As we continue our analysis of George Smith’s book I am reminded of a fundamentally important principle of interaction: Engage the thoughts, not the stereotype. In many ways this critique serves as a fresh reminder that proper analysis must be at its core, proper. Dr. Smith could have taken many routes in his attack against god. One of them could be to tackle all the major religions in the world and consequently their versions of “god.” However, to his credit, he chose the god of Christianity, and thus, facilitating my critique by particularizing my comments.
In his introduction, Smith cites two meanings to the title of his book: The first meaning is that it is a “philosophical case against the concept of god; and secondly, it refers to the psychological case against the belief in a god” (ix-x). He further explodes in frustration at the “credence given to religious claims in the intellectual community” (x). The presuppositions of Dr. Smith are twofold: 1) Christianity cannot offer anything of intellectual substance, and 2) the intellectual community ceases to be intellectual when it accepts religious dogma. These are ingrained assumptions that will become clear throughout these critiques.
A philosophical case against god, as Smith expects to make, will be grounded only in the previous presuppositions made above. Since presuppositions are inescapable both for Christians and non-Christians alike, it is my desire to deal with the atheistic presuppositions. My attempt here is to rehearse these assumptions before we actually interact with the meat of his arguments, so that the reader is aware of what lies behind the atheistic thought.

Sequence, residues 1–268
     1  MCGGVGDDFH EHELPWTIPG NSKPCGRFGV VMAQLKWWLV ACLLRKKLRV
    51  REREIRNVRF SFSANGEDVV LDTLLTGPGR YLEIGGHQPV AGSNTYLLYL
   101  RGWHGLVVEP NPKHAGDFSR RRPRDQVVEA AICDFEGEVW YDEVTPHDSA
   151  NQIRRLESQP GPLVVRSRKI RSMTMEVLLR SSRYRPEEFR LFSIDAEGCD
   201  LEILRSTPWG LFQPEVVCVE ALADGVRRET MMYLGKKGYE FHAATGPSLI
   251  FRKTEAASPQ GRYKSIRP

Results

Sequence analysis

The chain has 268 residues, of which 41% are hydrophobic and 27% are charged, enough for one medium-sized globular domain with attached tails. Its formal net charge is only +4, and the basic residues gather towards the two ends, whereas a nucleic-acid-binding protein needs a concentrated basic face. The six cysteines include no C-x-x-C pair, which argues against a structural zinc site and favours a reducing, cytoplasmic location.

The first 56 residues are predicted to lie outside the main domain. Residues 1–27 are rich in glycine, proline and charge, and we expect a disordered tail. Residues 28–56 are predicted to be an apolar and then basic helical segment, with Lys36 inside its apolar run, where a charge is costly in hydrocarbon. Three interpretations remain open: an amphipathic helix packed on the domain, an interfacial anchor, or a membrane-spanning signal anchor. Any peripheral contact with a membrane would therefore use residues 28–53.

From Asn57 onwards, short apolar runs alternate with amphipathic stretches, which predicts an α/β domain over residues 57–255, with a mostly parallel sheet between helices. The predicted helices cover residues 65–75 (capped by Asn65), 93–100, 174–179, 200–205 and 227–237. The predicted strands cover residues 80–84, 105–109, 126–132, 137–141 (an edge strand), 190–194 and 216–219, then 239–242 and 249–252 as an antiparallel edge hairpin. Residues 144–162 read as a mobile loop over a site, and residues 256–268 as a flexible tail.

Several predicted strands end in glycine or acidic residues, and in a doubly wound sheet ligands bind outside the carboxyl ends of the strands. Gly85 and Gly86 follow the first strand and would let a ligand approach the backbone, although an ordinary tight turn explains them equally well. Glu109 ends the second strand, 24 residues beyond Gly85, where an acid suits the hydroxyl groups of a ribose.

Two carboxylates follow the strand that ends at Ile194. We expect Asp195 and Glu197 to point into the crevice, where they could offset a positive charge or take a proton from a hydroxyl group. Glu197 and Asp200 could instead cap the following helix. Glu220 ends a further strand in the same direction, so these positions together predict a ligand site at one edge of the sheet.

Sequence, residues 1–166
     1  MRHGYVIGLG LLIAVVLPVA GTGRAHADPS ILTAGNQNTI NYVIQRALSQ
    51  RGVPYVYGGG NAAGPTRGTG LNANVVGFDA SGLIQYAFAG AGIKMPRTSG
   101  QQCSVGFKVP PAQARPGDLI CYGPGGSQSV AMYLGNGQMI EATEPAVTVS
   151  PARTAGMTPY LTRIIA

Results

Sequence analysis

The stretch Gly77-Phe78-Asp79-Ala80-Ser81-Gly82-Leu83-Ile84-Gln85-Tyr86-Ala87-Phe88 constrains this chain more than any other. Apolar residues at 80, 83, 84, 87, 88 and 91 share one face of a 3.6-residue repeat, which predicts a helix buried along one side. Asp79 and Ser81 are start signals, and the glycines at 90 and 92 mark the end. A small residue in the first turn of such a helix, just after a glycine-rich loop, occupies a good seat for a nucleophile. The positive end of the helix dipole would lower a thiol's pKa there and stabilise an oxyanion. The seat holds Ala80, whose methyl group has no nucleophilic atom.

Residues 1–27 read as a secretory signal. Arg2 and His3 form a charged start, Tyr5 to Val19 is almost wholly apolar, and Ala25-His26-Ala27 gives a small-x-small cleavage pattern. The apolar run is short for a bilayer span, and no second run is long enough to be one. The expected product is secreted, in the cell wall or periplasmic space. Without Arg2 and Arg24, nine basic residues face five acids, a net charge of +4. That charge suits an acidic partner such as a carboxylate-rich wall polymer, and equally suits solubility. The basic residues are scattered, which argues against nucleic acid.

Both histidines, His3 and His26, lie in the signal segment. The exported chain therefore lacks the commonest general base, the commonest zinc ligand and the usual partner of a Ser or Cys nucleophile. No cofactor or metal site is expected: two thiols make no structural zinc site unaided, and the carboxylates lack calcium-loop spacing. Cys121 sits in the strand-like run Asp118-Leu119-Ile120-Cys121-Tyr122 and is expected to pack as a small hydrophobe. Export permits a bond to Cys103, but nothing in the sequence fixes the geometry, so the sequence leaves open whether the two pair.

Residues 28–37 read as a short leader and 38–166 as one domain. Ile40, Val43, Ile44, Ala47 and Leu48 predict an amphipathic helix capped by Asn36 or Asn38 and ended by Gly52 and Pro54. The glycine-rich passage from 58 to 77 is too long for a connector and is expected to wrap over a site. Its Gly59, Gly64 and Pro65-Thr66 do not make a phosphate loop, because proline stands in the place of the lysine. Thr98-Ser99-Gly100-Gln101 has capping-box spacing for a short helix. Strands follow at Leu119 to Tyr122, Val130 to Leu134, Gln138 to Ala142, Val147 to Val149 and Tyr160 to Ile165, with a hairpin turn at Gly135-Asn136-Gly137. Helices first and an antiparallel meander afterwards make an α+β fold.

Smith now moves to the second meaning of his title, which is, a psychological case against god. According to Smith, this teaching of “god” or “religion” has caused “damage that often takes years to counteract” (x). Notice how the philosophical and psychological meanings are interrelated. If a philosophical case against god can be made, then the psychological affect it has made on people throughout the centuries who believes in god must by definition be damaging. Of course, the author does not reverse his logic; for if a case for god can be made, then the psychological affect on those who have not believed in god is not only damaging but also damning. At this point one is reminded of Pascal’s famous wager where he argues that if one tries Christianity and finds it to be in error one will not have lived in vain; however, if one rejects Christianity then he will reap the consequences for all eternity.
Of course, there is a sense in which Smith accurately portrays the abuses of the Christian faith throughout history and at present. Who denies the atrocities of the Crusades by so-called Christians or the legalistic cults of our day that entangle and indoctrinate their followers leading them to insanity? It is true that religion has been abused, especially in the name of Christian religion. Further, abused religion has led to mental and disturbed children who grow up to hate religion and hate anything related to religion. However, at the end of the day we must realize that the abuse of something is not an argument against its proper use. So if any atheist is to attack the foundations of Christianity it must attack its most pristine representation (this excludes any cult or any other structure that is contrary to the Holy Word of God).